This once moated Hall dates back 820 years. The name Ordsall appears in print in 1177 as ‘Ordeshala’. There was probably a house at Ordsall by 1251 when William de Ferrers, Earl of Derby, exchanged the manor for land in Pendleton.
– The Radclyffe family have been connected with the hall for over 300 years.
– 1335 – The manor passed into the hands of the Radclyffe family, first twenty years of their ownership were very confused because there were several claimants
– 1354 – Sir John Radclyffe established his right to inherit the estate on his return from the French wars
– Some members of the family sat in Parliament as Knights of the Shire and Sir Alexander was High Sheriff of Lancashire on 4 occasions.
Most were knighted for services in battle and took part in court life: for instance, Margaret Radclyffe became a favourite Maid of Honour to Queen Elizabeth
– 1599 Death of Margaret Radclyffe (semi state funeral) reputedly died of a broken heart after being jilted at the altar. Grief stricken, she apparently climbed the stairs of the Great Hall and threw herself off.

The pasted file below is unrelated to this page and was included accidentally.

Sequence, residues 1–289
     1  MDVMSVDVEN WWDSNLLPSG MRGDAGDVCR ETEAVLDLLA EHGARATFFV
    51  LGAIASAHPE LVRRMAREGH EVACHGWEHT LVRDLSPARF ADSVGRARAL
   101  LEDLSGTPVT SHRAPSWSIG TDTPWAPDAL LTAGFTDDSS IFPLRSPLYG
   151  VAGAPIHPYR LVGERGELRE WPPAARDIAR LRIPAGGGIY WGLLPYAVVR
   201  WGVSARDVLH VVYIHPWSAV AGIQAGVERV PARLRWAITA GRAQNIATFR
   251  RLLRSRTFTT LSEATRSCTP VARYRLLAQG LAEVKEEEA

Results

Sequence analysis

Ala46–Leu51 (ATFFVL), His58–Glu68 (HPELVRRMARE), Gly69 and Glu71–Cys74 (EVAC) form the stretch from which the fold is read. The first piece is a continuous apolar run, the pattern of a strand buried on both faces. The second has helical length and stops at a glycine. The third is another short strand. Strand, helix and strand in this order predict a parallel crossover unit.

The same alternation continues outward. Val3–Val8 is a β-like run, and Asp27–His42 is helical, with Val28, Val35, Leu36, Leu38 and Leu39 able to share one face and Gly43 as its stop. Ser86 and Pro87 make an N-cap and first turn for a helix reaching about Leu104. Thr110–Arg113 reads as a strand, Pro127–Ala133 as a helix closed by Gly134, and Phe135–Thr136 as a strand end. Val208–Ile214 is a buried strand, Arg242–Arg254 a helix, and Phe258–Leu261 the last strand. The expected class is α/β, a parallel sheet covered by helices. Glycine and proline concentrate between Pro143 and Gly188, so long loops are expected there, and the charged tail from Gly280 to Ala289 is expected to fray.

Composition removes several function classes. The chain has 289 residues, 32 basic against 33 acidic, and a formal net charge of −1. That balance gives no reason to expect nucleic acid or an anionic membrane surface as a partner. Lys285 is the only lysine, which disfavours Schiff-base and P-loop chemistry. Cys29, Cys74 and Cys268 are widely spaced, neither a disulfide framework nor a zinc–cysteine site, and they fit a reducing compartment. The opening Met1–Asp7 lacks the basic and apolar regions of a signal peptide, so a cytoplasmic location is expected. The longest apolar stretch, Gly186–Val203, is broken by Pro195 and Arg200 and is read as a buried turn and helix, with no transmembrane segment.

– The Radclyffes were Royalists and Catholics and according to local legend, (in 1605) Guy Fawkes hatched his plot to blow up the Houses of Parliament while staying at the hall. Such has this legend gained credibility that the street directly adjacent to the hall has been named ‘Guy Fawkes Street’. This story, however, has neither been proved or disproved.
– In 1875 the hall was let to Haworth’s Mill for use as a Working Men’s Club
– In 1959 it was sold to Salford Corp. by executors of Baron Egerton and underwent major restoration work
– In 1972 opened to the public as a period house and local history museum
– In the Great Hall, there has often been seen the apparition of a white lady on the raised staging. This could possibly the ghost of heartbroken Margaret Radclyffe.
– Locals have seen this White Lady in the grounds at the front of the Hall.
– A monk has also been see here, and the figure of another lady have also been spotted here.
– There is the occasional smell of roses and lavender in the Great Hall, even when no-one is around.
– Dragging sounds have been heard coming from area under the stairs of the Entrance Hall.
– In the Agecroft Gallery, Footsteps have been heard and one night the security camera (activated by movement sensors) kept pointing at the area where portraits of the ladies are.
– In the temporary exhibition area visitors have heard the sound of a door being opened and closed.
– In the attic, people have reported feeling uneasy and unwell – the feeling then passes quickly.
– Dragging sounds are occasionally heard in what used to be the Oak Pannelled room.
First Broadcast: 2nd November 2004